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Does hole possess mass?

  1. Jul 13, 2012 #1
    Well i have a conceptual problem with the atomic structure and mass distribution. See we call holes as absence of electrons. So holes are actually nothing but emptiness. As shadow is nothing but the absence of light. However while calculating mass we do include the number of holes too along with the electrons. But why is this. We are once considering the mass of electrons. Why do we need to again consider the mass for the absence of it too??? I tried to find out the reason but none of them could satisfy. Someplaces I even found that they wrote that mass of a hole is even grater than that of an electron. Isn't it a bit fishy??
     
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  3. Jul 13, 2012 #2

    DrDu

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    The mass you are refering to is effective mass of a quasi-particle. In solid state physics you consider e.g. the equilibrium Fermi distribution as the vacuum state relative to which energies and (via [itex] m=\frac{\partial^2 E}{\partial k^2} [/itex]) also effective mass is calculated. I.e. a filled band has E=m=0 and when an electron is missing, it has a nonzero mass relative to the full band.
     
  4. Jul 13, 2012 #3

    Claude Bile

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    Well, to move a hole, you need to move electrons.

    To move a hole right, you need to move electrons left.

    Claude.
     
  5. Jul 13, 2012 #4
    so, does that mean that as i m moving the hole to accommodate the electron, thats why i m to take the mass of the hole? or in other sense, the mass of the electron itself?

    then what happens the hole mass being higher than the electron? is it true anyway? or is it the momentum actually not the mass?
    plz clarify
     
  6. Jul 13, 2012 #5

    mfb

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    The hole can have an effective mass different from the electron mass, if I remember correctly.
    Even more: The electrons can have an effective mass which is not equal to 511keV. In both cases, the reason is the interaction of the particles inside. Instead of the movement of a free particle, a lot of particles are influenced in some way. Quasiparticles are a natural way to describe this, and their mass depends on the material.
     
  7. Jul 14, 2012 #6
    The valence band electrons are forced to move in coherently. So the electrons in the valence band are like an incompressible fluid with surface tension. So the "hole" in the valence band is a vacancy in the electrons. It is like a bubble in a fluid. If an electric field moves the electrons forward, the hole has to hop backward.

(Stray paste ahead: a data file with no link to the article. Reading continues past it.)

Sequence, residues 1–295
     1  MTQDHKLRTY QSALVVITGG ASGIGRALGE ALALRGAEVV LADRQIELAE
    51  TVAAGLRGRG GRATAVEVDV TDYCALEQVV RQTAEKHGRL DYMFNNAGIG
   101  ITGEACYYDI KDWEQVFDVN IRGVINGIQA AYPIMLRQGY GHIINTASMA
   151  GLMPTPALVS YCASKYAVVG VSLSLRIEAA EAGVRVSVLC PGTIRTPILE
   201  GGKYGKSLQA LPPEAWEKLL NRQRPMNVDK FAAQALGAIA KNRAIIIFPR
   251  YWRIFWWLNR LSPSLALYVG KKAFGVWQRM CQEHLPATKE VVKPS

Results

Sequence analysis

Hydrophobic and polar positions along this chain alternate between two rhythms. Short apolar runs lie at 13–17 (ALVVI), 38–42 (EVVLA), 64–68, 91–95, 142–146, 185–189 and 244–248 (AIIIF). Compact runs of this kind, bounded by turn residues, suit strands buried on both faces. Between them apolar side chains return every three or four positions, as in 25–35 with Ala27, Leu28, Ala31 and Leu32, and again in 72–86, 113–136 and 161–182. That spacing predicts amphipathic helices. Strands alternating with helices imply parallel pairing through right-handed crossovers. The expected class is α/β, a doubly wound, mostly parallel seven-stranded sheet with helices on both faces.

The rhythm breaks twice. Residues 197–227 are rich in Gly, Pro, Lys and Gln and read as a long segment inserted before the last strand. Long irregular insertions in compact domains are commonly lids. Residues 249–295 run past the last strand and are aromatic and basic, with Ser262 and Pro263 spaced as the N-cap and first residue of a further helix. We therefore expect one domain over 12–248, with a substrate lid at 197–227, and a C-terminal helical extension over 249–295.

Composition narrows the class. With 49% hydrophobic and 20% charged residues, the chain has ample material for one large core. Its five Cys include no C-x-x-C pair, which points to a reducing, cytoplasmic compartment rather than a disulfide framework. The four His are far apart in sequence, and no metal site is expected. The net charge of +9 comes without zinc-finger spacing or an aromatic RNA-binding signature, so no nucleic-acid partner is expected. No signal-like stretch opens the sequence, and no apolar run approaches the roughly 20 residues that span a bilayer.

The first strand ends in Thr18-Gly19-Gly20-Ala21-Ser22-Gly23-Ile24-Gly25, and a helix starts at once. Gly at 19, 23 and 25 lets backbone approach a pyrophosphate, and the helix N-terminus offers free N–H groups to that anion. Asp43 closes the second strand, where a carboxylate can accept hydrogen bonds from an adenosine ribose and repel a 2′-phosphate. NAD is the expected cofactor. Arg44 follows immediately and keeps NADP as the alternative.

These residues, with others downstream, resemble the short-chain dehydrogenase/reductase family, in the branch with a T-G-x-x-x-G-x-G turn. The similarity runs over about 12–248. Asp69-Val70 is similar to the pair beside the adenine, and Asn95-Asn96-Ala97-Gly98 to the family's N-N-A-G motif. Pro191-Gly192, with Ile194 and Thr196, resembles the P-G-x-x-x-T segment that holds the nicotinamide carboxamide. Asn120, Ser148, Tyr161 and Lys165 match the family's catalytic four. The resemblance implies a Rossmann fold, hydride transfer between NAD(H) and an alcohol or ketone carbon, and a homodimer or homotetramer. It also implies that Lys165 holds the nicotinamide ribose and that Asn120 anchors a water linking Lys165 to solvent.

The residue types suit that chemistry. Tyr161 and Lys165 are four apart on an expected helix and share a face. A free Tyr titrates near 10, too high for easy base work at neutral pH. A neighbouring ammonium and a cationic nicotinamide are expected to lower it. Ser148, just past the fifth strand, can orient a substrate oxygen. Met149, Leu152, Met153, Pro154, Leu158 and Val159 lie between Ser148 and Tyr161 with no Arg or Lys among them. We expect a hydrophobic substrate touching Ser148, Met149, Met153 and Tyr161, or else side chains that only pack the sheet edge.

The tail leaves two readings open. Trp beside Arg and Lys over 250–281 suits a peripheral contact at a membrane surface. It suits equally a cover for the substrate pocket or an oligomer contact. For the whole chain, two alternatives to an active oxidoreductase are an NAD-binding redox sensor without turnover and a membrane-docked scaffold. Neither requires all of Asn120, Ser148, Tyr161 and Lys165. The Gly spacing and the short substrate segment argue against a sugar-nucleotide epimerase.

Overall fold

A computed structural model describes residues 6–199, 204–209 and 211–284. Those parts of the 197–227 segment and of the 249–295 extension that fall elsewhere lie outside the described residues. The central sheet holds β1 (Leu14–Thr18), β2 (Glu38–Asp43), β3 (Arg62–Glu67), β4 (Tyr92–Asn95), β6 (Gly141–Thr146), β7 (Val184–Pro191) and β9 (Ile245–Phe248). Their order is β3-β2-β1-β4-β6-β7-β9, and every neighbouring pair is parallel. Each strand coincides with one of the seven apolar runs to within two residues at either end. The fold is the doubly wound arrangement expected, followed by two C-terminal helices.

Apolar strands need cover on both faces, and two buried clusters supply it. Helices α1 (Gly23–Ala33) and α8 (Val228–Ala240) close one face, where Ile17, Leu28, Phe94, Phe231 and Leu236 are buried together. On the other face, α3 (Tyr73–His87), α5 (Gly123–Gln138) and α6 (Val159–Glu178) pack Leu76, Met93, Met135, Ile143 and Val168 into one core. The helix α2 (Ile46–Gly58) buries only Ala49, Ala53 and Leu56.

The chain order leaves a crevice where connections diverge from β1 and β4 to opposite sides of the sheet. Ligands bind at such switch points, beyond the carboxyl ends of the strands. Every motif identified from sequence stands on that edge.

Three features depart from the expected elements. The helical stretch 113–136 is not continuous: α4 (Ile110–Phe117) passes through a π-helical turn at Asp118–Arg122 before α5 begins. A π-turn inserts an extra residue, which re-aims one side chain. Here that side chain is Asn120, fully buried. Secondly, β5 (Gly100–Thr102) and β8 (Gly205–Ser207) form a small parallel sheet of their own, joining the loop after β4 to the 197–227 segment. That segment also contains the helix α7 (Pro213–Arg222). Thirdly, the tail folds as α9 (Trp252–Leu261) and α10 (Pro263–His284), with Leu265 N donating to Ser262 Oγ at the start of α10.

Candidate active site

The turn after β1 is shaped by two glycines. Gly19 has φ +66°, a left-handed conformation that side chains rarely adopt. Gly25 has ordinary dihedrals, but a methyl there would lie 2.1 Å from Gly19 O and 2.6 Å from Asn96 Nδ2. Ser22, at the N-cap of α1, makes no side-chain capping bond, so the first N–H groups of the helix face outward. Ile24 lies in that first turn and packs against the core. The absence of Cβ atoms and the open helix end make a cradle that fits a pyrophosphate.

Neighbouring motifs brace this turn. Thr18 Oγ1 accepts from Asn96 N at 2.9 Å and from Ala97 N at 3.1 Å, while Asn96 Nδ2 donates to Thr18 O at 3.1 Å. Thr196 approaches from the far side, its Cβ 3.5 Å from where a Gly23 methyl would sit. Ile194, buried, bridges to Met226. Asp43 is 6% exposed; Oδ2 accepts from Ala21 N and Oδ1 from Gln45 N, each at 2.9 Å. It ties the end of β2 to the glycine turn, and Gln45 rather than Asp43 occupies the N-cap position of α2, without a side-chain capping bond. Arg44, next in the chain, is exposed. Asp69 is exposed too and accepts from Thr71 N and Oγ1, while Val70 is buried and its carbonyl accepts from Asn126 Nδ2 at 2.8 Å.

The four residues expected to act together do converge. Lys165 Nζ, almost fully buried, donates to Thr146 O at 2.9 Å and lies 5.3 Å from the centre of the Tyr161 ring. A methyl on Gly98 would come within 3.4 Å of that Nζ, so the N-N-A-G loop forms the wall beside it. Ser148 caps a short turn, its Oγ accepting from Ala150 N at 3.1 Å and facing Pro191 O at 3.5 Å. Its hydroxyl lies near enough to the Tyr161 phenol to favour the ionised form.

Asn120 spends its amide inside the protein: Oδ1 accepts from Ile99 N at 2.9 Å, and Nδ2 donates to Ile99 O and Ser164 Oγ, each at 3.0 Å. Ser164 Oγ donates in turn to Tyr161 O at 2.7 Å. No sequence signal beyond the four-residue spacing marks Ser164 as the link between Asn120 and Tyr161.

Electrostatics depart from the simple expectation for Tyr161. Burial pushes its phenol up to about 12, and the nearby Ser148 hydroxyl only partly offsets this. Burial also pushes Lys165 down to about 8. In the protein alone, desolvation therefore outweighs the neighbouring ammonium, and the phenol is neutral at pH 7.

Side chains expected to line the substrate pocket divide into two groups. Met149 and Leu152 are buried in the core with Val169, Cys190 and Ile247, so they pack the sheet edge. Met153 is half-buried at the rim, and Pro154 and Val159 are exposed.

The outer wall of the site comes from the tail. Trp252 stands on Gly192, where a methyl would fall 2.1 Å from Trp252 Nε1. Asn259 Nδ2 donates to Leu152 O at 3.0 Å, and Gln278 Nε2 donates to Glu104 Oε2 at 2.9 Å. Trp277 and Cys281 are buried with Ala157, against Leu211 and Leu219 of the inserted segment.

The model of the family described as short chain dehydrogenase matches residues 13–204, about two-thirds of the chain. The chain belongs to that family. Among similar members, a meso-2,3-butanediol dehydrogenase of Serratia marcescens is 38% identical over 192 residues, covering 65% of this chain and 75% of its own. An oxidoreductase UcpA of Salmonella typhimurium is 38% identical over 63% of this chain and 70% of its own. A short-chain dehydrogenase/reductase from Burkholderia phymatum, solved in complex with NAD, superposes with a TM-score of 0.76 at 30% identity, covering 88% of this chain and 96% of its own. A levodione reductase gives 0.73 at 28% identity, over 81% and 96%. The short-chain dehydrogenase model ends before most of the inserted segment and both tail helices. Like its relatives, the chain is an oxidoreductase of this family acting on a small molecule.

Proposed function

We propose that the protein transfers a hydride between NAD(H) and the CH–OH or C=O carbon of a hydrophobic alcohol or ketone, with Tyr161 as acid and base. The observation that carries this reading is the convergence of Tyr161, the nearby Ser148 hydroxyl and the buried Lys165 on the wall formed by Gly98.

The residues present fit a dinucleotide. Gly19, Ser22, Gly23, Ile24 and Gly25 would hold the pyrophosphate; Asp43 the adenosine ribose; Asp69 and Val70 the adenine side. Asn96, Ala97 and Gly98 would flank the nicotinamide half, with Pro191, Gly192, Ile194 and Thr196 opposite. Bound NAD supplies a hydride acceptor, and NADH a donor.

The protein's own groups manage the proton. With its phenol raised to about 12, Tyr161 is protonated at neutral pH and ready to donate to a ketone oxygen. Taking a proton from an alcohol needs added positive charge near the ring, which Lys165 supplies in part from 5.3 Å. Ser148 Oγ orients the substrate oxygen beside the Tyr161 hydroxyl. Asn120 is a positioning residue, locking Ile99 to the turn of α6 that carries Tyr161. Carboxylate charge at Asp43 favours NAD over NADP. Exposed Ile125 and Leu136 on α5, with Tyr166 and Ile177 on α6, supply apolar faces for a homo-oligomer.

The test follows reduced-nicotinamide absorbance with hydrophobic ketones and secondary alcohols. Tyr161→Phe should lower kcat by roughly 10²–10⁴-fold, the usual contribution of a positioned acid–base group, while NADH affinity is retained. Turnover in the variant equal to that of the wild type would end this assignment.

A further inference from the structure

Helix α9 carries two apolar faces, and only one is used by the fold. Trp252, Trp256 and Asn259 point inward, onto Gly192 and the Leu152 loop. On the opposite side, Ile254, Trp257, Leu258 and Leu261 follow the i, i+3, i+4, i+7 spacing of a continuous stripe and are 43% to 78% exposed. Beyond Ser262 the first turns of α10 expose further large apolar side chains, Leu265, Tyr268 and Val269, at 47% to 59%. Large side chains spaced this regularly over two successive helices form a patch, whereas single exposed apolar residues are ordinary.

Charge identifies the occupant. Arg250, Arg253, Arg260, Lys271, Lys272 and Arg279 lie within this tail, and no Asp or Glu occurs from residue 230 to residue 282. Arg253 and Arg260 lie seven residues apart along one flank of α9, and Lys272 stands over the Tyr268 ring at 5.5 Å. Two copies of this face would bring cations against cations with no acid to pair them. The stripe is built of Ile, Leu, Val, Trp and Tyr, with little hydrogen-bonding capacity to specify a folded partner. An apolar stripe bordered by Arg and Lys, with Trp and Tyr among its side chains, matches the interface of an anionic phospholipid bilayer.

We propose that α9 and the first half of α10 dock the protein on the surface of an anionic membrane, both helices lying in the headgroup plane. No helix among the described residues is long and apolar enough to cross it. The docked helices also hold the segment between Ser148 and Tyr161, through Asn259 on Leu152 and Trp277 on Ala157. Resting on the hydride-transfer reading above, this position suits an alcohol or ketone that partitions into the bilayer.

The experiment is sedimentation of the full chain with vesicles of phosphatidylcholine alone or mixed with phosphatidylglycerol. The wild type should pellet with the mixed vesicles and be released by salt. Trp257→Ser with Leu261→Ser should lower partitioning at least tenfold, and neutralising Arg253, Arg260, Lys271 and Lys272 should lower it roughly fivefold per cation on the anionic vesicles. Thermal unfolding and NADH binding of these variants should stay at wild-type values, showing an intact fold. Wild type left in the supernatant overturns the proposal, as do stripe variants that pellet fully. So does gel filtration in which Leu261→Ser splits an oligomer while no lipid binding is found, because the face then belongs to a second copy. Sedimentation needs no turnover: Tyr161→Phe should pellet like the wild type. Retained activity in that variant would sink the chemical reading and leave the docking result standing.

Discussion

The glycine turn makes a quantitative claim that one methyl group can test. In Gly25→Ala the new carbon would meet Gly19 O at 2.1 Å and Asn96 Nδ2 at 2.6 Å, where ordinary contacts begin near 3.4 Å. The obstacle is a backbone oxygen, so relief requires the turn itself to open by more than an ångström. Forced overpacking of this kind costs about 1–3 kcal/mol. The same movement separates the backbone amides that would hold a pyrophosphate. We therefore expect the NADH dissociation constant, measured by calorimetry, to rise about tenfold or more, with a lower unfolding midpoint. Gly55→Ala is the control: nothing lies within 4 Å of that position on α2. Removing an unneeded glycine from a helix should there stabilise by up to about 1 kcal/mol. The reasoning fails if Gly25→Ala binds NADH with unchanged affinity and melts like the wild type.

Pauli's exclusion principle provides the hole with a type of "surface tension." The hole acts like a bubble in water.

    I can give a classical analog. You can even test this analog out on a bus.
    A helium balloon in a bus floats because it has a density less than the density of air. In fact, the balloon will behave as though it is an object with an effectively negative mass in a vacuum.
    If the bus stops suddenly, all the dense object seem to be thrown forward. However, the balloon will be "thrown" backward. The dense air piles up in front, pushing the helium balloon backward.
    The effect mass, both inertial and gravitational, of a helium balloon on a bus is negative. If you didn't know that the bus had air in it, then you might think that gravity was pulling the balloon up and inertial was pushing it in the opposite direction as the people in the bus.
    Another classical analog would be the hole in traffic caused by a traffic jam. Suppose that at an intersection there is a red light that has been there for many minutes. There will be a traffic jam from the intersection backward. When the light turns green, the cars move forward. However, you will see a gap in the traffic move backward from the intersection. Again, you can watch while driving or as a passenger.
    The cars are like valence electrons and the gap is like a hole.
    There are some mathematical transformations that relate the behavior of valence electrons to holes. These are rather complex. However, the physical idea is simple. Because of the Pauli exclusion principle, the valence electrons are behaving like an incompressible fluid of fixed volume. If there is a bubble (i.e., hole) in this incompressible fluid, it moves in a direction opposite that of the incompressible fluid.
     
  8. Jul 23, 2012 #7
    Holes are not just emptiness of electrons.
    They have their own physical properties.
    Effective mass of hole or electrons is determined by second derivative of energy band in k-space by definition.
    So the effective masses of holes or electrons depends on its energy and momentum.
     
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